Demonstrates change in women’s role due to the war.

Demonstrates change in women’s role due to the war.


In most cases, war comes with various consequences such as depression, deprivation, devastation and sadly death. The occurrence of World War II in the world was the greatest war in history that cost billions of money, leading a good number of American soldiers to lose their lives while fighting. This implies that the American family was highly affected following World War II. The beginning of the war led to various adjustments including the United States forces fighting abroad or training in military camps, meaning that families were entirely engaged in war (Faragher, 2005, pp 45). The American family was geared up for an all out effort to engage in the fighting of the war, hence leading to dramatic changes in the American society.

The major effect was experienced through shortage of labor especially at the time when men went off to war, forcing a good number of women to join the work force, where the work was originally meant for men. Women began working fulltime as they continued maintaining their homes. This demonstrates change in women’s role due to the war. Another effect of the war is that it led to a large number of school dropouts due to teenage workforce because there was no law regulating the recruitment of children. Despite the fact that war had created many job opportunities, it also resulted into a far more serious reality concerning life in its normal state. For instance, children felt denied of a chance to experience attention from their parents due to separation and shifting of family roles and duties.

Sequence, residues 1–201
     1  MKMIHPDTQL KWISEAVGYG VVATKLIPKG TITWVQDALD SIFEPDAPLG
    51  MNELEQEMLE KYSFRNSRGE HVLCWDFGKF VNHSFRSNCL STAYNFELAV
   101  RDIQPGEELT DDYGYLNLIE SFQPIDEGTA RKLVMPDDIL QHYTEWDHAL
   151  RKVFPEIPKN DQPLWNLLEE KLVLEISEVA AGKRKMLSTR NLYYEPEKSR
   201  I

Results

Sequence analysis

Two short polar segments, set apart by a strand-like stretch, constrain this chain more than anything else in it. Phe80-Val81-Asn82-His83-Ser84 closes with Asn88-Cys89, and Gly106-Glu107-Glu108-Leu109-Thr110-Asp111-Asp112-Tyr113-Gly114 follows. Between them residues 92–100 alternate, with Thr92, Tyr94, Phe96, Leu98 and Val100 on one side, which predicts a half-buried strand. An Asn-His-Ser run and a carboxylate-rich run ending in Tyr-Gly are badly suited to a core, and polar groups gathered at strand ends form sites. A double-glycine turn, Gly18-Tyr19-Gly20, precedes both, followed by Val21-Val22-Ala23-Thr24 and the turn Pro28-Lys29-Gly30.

Following World War II, women who participated in the conversion to peace played that role in the most traditional feminine roles such as wives or co-workers in the training camps carrying out tasks such as nursing or cooking. In most cases, women were now required to play roles such as mediators. For instance, they could do this by trying to settle the quarrels and bringing the fighting to an end. It is always assumed that when men take their wives to war it illustrates peaceful intentions. This role was originally played mostly by men as women were seen only as child bearers and caretakers. Indeed, because of the war, the women’s role changed drastically.

Women’s role in the conversion to peace following the World War II also changed because they were now given their rights, and this saw them come up with peace movements such as the Emergency Women’s Peace Movement. Since the onset of the war, a good number of women tried very much to work for peace by picking up the pieces from wars that were began by men. For instance, it is shown that the basic energies that are common to all human beings have been changed to enable men seek for power as women give protection to men from the outcomes of seeking power (Harrison, 2010, pp.35). This implies that at the end of every war, the societies are always left in total destruction, thus the people who take a bigger role in rebuilding the community especially in its physical terms are women. They provide enough manual labor to rectify the destroyed structures.

Another role of women that changed in the conversion to peace in the United States following World War II was that of getting married in other regions as a way of avoiding the continuation of war. Previously, women were never allowed to intermarry, but because of war and as a way of creating peace, women were expected to act in helping resolve conflict in war times. Accordingly, association with the region causing conflicts led to creation of peace between the two regions. The formation of the women’s peace movement ensured connections between domestic violence and war, and women’s and environmental concerns. Therefore, World War II in the American setting resulted in destructions, depression but also created new opportunities for the American people especially women. This is because most roles originally played by men were now available to women.


Faragher, J. (2005). Out of Many: A History of the American People: Volume 2: History Notes. New York, NY: Pearson Education, Limited.

Harrison, C. (2010). Women in American history: a bibliography, Volume 2. California, CA:


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